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Explain to your mother-in-law why social media sharing is not like running into a friend and showing them a cute picture of the grandkids. It is basic FB etiquette to always ask permission to share someone else's material.
There are three of us sisters-in-law and we all find this a great way for her to keep up with the grandkids. The aunt is widowed and has been speaking to men over Facebook and one of these men shared a photo of my daughter to his Facebook friends! I immediately asked this person (whom I've never met) to take the photo down. There is no specific setting to not allow people to share photos (you can only restrict an audience).Will it be all right for me to "re-gift" someone with the ugly gravy boat I received as a wedding present 40 years ago? — Just Wondering Dear Just Wondering: The person who re-gifted this book to you went to the trouble of choosing, wrapping and (perhaps) shipping it to you, along with a note.The giver was also transparent about the origin of the gift.— Media Mom Dear Mom: Until Facebook gives people a way to lock down their own photos, you can try to at least control who sees them by customizing your settings, restricting who sees your photos to only "friends" or a family group.This means that even if your mother-in-law (or aunt) shares a photo, it won't actually be seen by anyone outside your designated circle.The only thing you need to do is to find a recipient who might like it — and who is also kinder and more tolerant than you are.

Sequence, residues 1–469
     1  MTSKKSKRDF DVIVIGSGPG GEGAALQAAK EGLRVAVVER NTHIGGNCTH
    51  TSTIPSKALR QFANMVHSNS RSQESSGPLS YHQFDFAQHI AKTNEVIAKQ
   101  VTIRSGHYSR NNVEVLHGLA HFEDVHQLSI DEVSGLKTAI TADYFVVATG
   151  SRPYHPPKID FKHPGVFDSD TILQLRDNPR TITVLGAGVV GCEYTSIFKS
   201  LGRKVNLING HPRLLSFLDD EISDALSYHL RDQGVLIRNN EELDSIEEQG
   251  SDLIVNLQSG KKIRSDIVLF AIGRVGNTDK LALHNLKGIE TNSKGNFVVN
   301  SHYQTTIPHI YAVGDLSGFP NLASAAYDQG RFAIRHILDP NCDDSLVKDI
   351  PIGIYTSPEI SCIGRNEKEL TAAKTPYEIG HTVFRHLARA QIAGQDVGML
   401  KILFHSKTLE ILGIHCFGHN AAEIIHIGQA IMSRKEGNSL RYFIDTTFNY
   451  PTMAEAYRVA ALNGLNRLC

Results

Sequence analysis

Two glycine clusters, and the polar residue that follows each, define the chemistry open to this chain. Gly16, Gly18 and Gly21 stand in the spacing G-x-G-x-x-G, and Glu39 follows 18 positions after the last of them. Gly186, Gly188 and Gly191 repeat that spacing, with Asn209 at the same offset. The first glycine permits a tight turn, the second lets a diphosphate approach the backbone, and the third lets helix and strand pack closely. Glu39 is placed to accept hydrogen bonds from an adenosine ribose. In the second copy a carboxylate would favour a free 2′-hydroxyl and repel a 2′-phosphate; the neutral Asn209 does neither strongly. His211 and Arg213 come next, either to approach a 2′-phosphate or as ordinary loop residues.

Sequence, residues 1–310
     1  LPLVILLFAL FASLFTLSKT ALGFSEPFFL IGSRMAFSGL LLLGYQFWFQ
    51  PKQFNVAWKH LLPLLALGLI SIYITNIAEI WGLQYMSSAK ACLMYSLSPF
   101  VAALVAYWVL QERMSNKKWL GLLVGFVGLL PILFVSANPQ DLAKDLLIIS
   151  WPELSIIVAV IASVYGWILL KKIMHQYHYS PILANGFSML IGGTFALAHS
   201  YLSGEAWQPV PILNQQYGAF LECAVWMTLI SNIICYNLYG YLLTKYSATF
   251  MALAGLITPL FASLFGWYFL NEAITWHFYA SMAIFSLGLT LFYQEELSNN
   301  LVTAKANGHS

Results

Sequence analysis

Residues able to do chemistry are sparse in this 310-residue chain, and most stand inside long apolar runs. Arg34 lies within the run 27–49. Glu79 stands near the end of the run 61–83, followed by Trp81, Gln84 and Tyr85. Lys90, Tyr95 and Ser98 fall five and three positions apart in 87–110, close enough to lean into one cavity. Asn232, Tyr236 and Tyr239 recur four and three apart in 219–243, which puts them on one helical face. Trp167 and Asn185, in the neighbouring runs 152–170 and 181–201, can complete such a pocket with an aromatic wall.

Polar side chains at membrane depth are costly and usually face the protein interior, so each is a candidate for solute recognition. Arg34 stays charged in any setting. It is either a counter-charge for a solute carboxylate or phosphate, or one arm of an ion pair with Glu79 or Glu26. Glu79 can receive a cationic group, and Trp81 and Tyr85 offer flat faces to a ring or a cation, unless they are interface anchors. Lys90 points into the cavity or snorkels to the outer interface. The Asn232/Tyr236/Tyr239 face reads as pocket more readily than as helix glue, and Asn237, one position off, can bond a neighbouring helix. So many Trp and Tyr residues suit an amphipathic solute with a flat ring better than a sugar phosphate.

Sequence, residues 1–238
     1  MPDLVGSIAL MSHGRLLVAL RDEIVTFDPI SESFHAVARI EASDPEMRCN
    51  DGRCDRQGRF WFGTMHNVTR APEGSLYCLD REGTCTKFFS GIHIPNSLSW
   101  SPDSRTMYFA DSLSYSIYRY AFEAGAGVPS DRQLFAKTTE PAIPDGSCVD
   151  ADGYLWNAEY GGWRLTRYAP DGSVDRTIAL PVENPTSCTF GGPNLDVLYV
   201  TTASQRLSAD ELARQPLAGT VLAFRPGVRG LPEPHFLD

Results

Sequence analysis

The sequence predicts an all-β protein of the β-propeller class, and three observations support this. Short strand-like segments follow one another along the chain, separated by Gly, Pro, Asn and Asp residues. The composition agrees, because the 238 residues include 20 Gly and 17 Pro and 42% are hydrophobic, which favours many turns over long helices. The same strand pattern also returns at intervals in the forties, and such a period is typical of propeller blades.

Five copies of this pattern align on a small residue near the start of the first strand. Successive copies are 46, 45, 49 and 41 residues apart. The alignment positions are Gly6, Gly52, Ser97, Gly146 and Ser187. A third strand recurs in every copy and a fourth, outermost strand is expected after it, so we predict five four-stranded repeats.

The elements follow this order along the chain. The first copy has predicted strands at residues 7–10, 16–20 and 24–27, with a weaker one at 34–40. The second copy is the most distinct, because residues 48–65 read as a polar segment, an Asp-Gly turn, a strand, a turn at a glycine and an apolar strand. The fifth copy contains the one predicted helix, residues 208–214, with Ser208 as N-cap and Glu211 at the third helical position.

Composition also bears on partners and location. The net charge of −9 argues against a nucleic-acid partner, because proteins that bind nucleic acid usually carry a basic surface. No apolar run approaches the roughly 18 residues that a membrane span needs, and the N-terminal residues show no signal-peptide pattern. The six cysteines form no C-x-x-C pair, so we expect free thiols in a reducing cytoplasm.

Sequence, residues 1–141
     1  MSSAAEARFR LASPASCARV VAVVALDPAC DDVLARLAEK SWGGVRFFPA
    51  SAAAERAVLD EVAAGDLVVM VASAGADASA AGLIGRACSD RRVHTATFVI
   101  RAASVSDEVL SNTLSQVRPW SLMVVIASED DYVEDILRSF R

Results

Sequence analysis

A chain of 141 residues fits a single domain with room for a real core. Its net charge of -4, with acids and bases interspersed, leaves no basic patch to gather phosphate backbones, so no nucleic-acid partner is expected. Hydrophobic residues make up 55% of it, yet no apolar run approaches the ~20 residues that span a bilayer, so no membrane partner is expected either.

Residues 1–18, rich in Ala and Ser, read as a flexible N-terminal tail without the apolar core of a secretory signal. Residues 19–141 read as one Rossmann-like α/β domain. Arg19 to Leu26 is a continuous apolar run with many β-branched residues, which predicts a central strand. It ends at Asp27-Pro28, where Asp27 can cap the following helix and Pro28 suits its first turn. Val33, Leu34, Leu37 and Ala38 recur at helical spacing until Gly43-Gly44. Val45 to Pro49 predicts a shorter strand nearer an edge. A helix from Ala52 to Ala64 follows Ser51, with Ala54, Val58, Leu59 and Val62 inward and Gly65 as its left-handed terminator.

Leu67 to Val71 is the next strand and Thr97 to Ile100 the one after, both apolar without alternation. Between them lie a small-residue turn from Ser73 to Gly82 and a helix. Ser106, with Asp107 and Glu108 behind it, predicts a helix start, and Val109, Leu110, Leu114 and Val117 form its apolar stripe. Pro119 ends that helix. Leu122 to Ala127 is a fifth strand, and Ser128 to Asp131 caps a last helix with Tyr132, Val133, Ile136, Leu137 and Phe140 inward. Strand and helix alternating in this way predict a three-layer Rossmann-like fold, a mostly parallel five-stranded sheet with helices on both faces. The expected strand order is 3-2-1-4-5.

Dear Amy: "Jaded" wondered why his executive recruiter was so offended when he tried to negotiate his salary for a new position.
Contacting the manager directly wouldn't be a bad thing. I agreed with "Jaded" that he should not be rebuffed for negotiating.
Just before Ryder turned one, doctors found a large tumor that was pushing his spine out of the way.
You should also use the FB tools for tagging, so you will be notified whenever your child is tagged.
However, it is important to remember that anyone can take a screenshot of a photo and share it freely.
Instead it’s to teach your son to find his limits and articulate them for himself. As your son matures, teach him ways to apply this formula himself.